If I could describe my life in one word, it would have to be “unconventional.” From the time I was a baby, my circumstances were just a little different than the average human. For starters, I was born eleven weeks prior to my due date. My premature birth caused me to be mildly affected with a neurological disorder called Cerebral Palsy (CP), which has left me unable to walk on my own. Despite the fact that my future seemed uncertain and doctors were unsure if I would live a “normal” life, my family recognized that I was bright. They took the doctors’ opinions about my intelligence with a grain of salt. In the twenty-two years following my diagnosis, my life has been filled with twists, turns, ups and downs.
Through all the craziness, I have realized that the mission I want to accomplish most in life is simply giving hope to others by being a beacon of strength and perseverance through my actions and words.
Growing up, I often wondered what my purpose was. When I was younger, I daydreamed about how easy my life would be if I did not have CP–okay, I still do that from time to time! How was I ever going to fit in? How was I going to make a life for myself when I constantly have to map out Point A to Point B? These thoughts would keep me up at night. All I knew was that I wanted to live my life as normally as possible.
For the most part, my life has been very normal. Growing up in Chattanooga, I was in regular classes with my classmates. The only thing that was different about me was that while they were playing sports, I was having surgeries to improve my gait and attending numerous physical therapy sessions. It was hard at times accepting the fact that I could not quite keep up with my peers physically. However, during my time recovering from surgeries, I uncovered what would eventually be my greatest passion and gift in life–the love of reading and writing. I was in the first grade, around seven years old. I vividly remember my mom taking me to Books-A-Million and buying me three to four books at a time. And, I could not wait to go to K-Mart to get my hands on a colorful Lisa Frank notebook to pen my own stories. Needless to say, this newfound hobby would play a key role in my life years later.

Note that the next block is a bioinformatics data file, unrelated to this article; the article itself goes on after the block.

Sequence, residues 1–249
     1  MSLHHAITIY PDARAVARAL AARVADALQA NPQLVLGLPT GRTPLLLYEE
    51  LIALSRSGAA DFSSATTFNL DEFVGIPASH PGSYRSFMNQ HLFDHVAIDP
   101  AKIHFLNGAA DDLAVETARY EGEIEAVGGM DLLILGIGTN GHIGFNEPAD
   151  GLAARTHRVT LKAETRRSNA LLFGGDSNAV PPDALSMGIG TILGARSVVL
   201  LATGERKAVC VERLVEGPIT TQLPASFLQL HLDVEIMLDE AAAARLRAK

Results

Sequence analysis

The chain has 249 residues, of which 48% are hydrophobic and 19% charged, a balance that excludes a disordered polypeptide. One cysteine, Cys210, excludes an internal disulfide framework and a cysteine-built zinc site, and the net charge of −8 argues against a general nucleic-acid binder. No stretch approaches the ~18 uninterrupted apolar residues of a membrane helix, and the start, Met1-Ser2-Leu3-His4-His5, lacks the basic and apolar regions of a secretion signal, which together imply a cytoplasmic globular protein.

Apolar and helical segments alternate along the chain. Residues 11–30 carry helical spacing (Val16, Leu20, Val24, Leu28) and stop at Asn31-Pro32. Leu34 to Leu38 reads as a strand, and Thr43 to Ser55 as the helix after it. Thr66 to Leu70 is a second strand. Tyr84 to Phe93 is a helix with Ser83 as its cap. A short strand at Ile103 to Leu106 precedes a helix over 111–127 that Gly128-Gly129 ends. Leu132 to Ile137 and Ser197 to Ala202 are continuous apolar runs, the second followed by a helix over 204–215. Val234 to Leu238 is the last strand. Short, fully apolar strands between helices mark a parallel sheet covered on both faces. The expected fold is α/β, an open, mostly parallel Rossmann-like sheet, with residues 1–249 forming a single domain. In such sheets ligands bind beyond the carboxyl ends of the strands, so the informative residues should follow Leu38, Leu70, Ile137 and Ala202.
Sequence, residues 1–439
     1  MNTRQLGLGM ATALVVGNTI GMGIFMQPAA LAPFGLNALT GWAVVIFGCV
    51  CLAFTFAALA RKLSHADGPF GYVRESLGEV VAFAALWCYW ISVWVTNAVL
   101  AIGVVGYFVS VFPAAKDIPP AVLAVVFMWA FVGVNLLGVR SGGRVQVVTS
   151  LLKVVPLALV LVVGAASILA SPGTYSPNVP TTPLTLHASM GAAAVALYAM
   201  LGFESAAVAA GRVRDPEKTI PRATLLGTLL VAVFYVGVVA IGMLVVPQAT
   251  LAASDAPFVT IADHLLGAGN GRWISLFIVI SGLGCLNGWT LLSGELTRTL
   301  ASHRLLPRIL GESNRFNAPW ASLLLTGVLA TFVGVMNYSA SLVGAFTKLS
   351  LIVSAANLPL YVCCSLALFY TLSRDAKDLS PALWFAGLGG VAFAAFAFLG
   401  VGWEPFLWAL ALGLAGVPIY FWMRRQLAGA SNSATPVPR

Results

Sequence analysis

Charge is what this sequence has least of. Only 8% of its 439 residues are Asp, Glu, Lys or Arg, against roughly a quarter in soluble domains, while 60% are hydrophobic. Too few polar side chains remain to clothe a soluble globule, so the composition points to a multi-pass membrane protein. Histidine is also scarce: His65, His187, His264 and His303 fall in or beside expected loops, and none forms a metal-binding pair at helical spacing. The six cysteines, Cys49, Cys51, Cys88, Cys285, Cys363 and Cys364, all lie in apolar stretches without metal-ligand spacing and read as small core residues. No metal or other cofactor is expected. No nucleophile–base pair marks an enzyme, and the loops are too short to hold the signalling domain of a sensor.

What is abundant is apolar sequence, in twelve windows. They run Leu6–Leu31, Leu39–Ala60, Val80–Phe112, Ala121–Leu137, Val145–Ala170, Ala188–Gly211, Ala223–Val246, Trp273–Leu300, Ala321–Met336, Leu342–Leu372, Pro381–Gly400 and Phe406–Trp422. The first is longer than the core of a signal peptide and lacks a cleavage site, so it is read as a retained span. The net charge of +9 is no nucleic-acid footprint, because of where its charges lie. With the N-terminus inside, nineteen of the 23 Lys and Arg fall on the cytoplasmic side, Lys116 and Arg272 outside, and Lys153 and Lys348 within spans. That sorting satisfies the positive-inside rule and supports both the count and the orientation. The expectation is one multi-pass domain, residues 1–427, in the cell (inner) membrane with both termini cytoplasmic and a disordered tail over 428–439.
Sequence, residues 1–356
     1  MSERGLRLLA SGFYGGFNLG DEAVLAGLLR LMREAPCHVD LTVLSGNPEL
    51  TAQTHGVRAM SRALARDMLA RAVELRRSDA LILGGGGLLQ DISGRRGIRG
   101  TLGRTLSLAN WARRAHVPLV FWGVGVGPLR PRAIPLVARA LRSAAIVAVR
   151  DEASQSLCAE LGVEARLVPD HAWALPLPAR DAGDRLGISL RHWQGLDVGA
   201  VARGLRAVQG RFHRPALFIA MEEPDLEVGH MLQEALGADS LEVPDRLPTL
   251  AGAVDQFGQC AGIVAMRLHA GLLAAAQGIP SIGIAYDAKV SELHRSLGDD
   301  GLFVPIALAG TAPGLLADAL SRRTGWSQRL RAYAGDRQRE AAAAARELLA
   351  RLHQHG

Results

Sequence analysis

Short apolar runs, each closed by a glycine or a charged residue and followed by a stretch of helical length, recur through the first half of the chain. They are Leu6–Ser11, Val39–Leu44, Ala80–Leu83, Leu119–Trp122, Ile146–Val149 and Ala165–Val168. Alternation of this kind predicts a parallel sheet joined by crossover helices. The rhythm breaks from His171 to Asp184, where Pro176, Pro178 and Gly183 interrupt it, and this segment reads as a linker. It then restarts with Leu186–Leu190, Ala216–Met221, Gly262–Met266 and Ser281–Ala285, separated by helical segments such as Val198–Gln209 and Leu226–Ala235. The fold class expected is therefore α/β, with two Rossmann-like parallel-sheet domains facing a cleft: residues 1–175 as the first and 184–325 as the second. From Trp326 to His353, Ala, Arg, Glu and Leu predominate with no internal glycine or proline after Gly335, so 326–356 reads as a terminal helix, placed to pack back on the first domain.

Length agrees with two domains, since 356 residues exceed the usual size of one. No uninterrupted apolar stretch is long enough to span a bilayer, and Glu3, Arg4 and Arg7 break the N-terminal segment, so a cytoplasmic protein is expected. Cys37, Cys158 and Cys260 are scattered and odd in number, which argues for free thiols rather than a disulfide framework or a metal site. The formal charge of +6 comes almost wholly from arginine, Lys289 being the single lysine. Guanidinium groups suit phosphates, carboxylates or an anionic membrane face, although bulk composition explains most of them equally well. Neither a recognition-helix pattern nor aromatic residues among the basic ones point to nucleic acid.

Despite the fact that I have always loved to read and write, I thought I had a different calling for many years. Initially, I wanted to be a nurse. The idea of saving lives really intrigued me. Work would never be monotonous, and I would have a major impact on patients’ lives. However, soon after I began college, my feelings about nursing began to drastically change. Suddenly, I was terrified at the thought of having someone’s life in my hands. Two months into freshman year, I took a major leap of faith and changed my major to Journalism & New Media. At first, I was so disappointed; I felt like I lied to myself for wanting to be a nurse. How in the world was I going to make an impact on someone’s life if I was not able to physically help them?
Thankfully, this mentality did not last too long; I started to genuinely enjoy my journalism classes–creating a blog in Dr. Mac’s class that I still maintain today, writing news package scripts for Professor Griggs and learning how to use various Adobe programs in Professor Gibson’s classes. Truthfully, the journalism field fits me to a tee. Although I had to leave my dreams of being a nurse behind, I had a profound epiphany: I may not be able to help people physically, but I can help them with my words. That can be just as beneficial to someone as healing a wound. Journalism is a wonderful field because there is always a story to tell. Through those stories, journalists are able to give voices to people, raise awareness about important issues and impact the world. I cannot wait to be a part of this in my career.